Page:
On June 14, a military court in Rostov-on-Don found Captain Eduard Ulman and three subordinates guilty of the 2002 killing of six civilians, including a woman and a teenager, Reuters reported. Ulman and two other servicemen failed to show up in court but were sentenced in absentia for 14, 12 and 11 years respectively. Police are searching for the three (Chechnya Weekly, April 19). The fourth serviceman, present in court, was jailed for nine years.
As Reuters noted, Ulman’s group, which opened fire on a civilian vehicle in January 2002 and killed the survivors, had been repeatedly retried and acquitted, prompting outrage from Chechens and human rights groups. Human rights activists welcomed the news of the convictions. “It’s a victory for justice that the group was sentenced finally,” Allison Gill, head of the Russian office of the New York-based Human Rights Watch, told Reuters. “We can only hope that this is the first in a long series of trials that will hold (those guilty) to accountability and justice for crimes committed in Chechnya.”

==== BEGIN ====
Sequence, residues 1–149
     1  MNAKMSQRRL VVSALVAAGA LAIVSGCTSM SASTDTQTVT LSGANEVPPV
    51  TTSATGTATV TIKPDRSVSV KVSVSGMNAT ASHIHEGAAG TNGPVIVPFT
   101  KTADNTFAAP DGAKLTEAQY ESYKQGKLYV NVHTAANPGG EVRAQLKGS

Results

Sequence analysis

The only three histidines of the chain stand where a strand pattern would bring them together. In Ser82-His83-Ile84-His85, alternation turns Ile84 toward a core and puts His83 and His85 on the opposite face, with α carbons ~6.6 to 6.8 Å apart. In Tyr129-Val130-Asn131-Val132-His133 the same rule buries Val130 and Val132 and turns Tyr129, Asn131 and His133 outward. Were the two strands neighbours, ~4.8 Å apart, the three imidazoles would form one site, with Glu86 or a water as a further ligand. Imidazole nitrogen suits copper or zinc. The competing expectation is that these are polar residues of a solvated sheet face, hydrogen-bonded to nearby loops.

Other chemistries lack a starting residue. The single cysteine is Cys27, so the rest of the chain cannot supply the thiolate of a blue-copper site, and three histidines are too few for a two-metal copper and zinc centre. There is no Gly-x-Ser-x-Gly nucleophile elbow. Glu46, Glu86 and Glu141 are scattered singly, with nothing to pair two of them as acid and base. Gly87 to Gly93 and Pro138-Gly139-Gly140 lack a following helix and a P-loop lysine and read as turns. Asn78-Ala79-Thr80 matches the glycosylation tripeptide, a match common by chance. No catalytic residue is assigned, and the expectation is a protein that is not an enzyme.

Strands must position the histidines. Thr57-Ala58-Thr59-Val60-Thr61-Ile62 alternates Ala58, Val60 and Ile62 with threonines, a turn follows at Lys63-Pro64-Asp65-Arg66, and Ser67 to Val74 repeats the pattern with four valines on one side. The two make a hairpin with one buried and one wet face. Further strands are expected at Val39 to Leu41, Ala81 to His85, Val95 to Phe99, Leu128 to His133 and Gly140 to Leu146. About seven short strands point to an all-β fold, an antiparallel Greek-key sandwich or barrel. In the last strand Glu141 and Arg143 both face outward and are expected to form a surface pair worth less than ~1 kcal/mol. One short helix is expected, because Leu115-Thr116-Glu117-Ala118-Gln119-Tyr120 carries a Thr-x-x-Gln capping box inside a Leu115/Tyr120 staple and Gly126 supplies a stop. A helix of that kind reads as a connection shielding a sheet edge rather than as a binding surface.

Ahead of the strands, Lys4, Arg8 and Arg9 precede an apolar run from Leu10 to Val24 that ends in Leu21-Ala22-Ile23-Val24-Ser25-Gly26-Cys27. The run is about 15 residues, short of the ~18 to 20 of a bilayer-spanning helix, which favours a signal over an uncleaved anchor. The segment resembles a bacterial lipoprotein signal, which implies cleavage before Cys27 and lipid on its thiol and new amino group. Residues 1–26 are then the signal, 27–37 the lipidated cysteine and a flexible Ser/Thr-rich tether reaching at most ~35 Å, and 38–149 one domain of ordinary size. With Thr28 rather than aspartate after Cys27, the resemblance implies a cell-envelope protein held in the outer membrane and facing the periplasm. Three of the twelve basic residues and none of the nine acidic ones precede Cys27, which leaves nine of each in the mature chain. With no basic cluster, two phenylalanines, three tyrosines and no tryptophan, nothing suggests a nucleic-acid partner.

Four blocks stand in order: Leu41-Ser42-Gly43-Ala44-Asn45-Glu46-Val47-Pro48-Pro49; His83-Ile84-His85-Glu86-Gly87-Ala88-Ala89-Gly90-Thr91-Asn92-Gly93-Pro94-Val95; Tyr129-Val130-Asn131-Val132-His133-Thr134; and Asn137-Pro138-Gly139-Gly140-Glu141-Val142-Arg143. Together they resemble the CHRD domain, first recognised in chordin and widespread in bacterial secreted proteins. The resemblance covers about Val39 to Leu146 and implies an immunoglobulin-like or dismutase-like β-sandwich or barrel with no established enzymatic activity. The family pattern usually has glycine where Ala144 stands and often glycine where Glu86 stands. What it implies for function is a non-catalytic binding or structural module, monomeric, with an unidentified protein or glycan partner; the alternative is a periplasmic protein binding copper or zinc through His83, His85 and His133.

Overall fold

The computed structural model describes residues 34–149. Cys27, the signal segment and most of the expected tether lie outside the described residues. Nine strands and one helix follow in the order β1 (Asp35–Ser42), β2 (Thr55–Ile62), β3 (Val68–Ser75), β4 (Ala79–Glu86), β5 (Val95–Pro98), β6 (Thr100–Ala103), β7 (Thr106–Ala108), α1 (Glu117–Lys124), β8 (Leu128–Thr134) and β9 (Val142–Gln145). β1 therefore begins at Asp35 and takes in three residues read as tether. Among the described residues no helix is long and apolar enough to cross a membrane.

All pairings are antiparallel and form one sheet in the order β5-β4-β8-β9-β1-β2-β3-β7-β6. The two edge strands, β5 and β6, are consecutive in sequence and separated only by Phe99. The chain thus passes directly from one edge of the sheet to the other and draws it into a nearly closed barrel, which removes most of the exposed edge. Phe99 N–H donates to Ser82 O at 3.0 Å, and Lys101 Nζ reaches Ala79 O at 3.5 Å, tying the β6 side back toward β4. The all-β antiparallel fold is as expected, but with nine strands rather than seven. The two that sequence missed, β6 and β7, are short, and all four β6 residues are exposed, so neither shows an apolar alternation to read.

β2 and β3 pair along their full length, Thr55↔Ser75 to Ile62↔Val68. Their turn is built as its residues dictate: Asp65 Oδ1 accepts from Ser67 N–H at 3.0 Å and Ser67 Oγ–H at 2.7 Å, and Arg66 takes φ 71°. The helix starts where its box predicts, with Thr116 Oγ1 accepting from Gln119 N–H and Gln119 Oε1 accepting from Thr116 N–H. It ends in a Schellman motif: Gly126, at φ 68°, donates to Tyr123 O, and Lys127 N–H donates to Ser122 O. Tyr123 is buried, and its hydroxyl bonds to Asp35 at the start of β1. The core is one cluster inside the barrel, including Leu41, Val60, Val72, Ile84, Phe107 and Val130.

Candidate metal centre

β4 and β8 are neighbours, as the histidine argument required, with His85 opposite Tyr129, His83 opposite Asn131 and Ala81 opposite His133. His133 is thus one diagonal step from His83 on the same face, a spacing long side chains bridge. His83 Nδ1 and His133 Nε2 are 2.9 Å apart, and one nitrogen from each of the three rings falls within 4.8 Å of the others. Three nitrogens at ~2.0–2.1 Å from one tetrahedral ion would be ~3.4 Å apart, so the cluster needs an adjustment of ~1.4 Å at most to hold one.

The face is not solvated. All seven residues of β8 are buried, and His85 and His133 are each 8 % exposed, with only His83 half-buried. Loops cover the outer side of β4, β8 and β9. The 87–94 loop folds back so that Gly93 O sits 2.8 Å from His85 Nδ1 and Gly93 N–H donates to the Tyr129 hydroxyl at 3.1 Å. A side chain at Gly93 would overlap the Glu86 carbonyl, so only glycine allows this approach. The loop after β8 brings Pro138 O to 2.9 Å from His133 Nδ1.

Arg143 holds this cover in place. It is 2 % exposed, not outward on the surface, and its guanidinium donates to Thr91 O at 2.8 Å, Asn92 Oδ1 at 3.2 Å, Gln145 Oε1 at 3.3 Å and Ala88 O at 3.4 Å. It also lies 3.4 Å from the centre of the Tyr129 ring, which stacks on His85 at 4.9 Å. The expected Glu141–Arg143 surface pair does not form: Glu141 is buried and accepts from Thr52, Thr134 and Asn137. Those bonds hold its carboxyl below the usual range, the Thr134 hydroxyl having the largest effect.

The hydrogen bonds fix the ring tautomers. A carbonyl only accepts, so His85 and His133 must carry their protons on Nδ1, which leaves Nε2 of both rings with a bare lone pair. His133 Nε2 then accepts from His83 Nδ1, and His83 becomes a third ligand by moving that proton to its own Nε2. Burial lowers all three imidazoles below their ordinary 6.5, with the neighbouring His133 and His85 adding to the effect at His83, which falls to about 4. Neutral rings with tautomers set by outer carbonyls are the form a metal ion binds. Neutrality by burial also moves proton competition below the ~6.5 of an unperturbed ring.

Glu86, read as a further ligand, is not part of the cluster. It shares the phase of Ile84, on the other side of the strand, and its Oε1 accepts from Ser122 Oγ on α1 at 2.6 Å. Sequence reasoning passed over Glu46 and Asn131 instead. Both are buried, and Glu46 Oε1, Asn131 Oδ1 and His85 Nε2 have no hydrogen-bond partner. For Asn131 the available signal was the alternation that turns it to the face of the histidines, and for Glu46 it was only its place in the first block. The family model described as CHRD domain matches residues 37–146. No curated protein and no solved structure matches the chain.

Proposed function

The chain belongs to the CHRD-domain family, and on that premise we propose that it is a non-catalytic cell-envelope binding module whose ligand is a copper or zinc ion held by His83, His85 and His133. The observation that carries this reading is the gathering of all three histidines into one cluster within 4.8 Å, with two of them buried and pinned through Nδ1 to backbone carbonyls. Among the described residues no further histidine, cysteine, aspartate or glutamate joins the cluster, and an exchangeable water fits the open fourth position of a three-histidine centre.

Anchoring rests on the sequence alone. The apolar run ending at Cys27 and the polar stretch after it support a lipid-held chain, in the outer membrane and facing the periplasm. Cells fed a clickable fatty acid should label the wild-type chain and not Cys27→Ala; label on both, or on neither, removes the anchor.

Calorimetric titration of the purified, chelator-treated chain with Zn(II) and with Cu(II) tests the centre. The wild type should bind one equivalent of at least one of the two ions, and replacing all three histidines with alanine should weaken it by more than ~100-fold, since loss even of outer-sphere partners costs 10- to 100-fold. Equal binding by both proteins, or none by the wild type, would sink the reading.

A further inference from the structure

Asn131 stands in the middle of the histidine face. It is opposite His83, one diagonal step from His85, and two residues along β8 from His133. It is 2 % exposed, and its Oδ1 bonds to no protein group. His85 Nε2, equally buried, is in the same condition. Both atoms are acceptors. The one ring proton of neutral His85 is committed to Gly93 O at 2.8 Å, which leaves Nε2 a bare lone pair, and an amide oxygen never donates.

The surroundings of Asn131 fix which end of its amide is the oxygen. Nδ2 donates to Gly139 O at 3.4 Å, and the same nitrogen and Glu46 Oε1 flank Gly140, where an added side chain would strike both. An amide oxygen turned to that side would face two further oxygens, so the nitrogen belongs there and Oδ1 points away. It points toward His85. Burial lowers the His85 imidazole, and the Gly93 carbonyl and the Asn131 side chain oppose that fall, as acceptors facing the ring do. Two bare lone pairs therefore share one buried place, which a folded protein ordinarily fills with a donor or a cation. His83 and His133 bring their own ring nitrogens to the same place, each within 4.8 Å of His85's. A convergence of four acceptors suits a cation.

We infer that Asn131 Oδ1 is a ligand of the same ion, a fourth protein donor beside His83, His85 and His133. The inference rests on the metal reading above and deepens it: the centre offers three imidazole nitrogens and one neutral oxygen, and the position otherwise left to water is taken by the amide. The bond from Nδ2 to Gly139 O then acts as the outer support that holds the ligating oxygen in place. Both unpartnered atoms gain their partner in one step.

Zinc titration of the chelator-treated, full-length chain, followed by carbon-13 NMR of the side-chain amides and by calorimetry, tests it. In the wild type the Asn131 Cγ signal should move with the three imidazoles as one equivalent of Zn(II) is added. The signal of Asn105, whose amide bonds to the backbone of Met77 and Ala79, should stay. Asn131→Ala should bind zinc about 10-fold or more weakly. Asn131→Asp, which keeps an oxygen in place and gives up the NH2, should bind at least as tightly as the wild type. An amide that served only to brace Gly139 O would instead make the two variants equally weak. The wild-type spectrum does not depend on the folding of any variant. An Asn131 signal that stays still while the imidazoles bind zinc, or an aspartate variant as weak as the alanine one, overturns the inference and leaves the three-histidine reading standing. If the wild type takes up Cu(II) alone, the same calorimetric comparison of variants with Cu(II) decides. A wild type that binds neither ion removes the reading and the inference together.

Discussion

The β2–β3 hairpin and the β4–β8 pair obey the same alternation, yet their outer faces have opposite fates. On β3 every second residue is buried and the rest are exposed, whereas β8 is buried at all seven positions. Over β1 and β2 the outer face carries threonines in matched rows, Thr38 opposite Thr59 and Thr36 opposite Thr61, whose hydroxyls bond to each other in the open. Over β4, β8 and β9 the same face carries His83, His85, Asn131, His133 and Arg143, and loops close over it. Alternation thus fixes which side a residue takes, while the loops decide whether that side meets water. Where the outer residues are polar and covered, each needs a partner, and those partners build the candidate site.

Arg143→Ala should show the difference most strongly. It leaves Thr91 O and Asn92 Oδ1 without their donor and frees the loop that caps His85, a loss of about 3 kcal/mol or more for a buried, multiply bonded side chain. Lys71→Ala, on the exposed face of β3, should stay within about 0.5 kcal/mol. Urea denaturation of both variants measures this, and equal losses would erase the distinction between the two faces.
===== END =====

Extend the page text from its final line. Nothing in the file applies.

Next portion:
Chechen President Ramzan Kadyrov said the court had made a “just decision,” Reuters reported. “All must be equal before the law, irrespective of personalities, ranks or merits,” Itar-TASS quoted him as saying. Newsru.com reported that the Chechen Republic’s leadership was happy with the guilty verdict in the Ulman case but thought the punishment could have been more severe. “The results of this trial have been long awaited in the Chechen Republic,” said Chechen Vice-Premier Ziyad Sabsabi, who is the republic’s representative in Moscow. “Putting it mildly, we expected more, but the fact that the court handed down a guilty verdict is important. I think that to some extent the sentence was softened; it could have been harsher. But all the same, the guilty verdict is evidence that the court handed down an objective verdict. The most important thing is that those who wanted to politicize the process were unsuccessful.”
Gennady Gudkov, a member of the State Duma’s Security Committee, said the guilty verdict set “an important precedent” but that he was not happy with the trial because it did not identify “those servicemen who ordered Ulman’s group to kill the seized Chechens.” Gudkov said the “guilt of these high-ranking unnamed officers is significantly greater” than the guilt of Ulman and his co-defendants, adding that it was also worth asking whether those who gave the orders to kill the Chechen civilians were behind the “professionally organized” disappearance of Ulman and his co-defendants.